In autumn, an exhibition of works by Hungarian artists visiting and living in Berlin will open. Not since the fall of communism has there been a Hungarian museum exhibition on such a large scale in Germany, reports Telex.
Magyar Modern. Ungarische Kunst in Berlin 1910-1933 is the title of a joint exhibition of the Museum of Fine Arts – Hungarian National Gallery and the Berlinische Galerie this autumn. The exhibition is being organized in cooperation with the Collegium Hungaricum in Berlin, which will also host a neo-avant-garde exhibition and organize most of the accompanying events.
The two curators of the exhibition are Dr. Ralf Burmeister, an art historian at the Berlinische Galerie, and Dr. András Zwickl, another art historian at the Painting Department of the Museum of Fine Arts – Hungarian National Gallery, the Hungarian press office told Telex.
The significance of the exhibition is also reflected in the fact that there has not been a major exhibition in Germany in recent decades that has presented this period of Hungarian art in such depth in the German capital,”
the statement read.
According to the website
of the exhibition:
“Even before the First World War, Hungarian artists used the growing metropolis as an exhibition stage to reach an international audience. When reactionary forces put an end to Hungary’s political transformation in 1919, progressive artists in exile found refuge in the cosmopolitan Berlin of the Weimar Republic. They found the space for creative freedom on the banks of the Spree, where they established significant visibility in various avant-garde contexts. Berlin was a formative influence for many Hungarian artists who, in turn, were a defining force in the art market.”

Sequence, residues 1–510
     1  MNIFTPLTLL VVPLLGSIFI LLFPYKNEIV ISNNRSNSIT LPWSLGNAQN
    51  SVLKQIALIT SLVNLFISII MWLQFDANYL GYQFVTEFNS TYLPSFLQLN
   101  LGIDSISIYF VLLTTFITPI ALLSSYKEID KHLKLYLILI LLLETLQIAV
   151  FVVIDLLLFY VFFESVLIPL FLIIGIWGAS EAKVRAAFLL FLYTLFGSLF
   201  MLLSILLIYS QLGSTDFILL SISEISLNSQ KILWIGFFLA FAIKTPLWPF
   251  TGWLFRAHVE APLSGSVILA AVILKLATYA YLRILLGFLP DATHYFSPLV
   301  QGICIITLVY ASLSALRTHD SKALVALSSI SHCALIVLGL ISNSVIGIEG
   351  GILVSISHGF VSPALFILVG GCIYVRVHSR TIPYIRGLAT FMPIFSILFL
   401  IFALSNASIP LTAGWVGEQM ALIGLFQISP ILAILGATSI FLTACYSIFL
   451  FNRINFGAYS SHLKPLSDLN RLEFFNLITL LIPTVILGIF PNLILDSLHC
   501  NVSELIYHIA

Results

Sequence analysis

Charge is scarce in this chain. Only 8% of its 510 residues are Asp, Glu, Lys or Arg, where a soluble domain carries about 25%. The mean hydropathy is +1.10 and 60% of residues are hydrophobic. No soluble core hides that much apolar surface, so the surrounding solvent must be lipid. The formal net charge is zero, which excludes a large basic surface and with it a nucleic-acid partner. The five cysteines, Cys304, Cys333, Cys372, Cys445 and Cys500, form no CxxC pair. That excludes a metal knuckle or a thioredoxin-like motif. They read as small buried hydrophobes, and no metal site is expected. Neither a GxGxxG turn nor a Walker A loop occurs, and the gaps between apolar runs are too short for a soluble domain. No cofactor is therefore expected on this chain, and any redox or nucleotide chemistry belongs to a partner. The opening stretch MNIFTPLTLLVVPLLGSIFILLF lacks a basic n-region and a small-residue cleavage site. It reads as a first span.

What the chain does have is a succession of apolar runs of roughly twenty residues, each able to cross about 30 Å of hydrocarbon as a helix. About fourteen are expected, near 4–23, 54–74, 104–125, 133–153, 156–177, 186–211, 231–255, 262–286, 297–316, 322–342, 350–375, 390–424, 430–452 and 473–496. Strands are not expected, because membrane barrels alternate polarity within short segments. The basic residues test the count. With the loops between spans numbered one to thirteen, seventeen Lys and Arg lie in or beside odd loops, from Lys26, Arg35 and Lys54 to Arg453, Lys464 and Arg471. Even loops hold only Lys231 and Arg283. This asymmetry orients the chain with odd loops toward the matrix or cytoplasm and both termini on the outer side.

The exhibition presents the works of Hungarian artists who once lived and exhibited in Berlin, which were made in the German capital, were featured in one of the city’s exhibitions, or are otherwise related to Berlin. Among these artists are Aurél Bernáth, Sándor Bortnyik, Sándor Brassaï, Marcel Breuer, Béni Ferenczy, Lajos Kassák, László Moholy-Nagy, József Rippl-Rónai, Hugó Scheiber, and many others.
The exhibition includes nearly 230 works by 40 artists. Of these, 53 works are on loan from the Museum of Fine Arts – Hungarian National Gallery, and a selection has been curated from several public and private collections at home and abroad in order to give a more complete picture of the artistic life of artists of Hungarian origin in Berlin between 1910 and 1933. The material on show will be very diverse, with 47 paintings, 10 sculptures, 74 prints, 64 contemporary photographs, three experimental films, and three tapestries.
They are still selecting documents that are in some way related to Berlin, the artists in the exhibition, or the objects on display, such as catalogs, newspapers, postcards, and letters from the period.
Featured image: illustration via the Facebook page of the Berlinische Galerie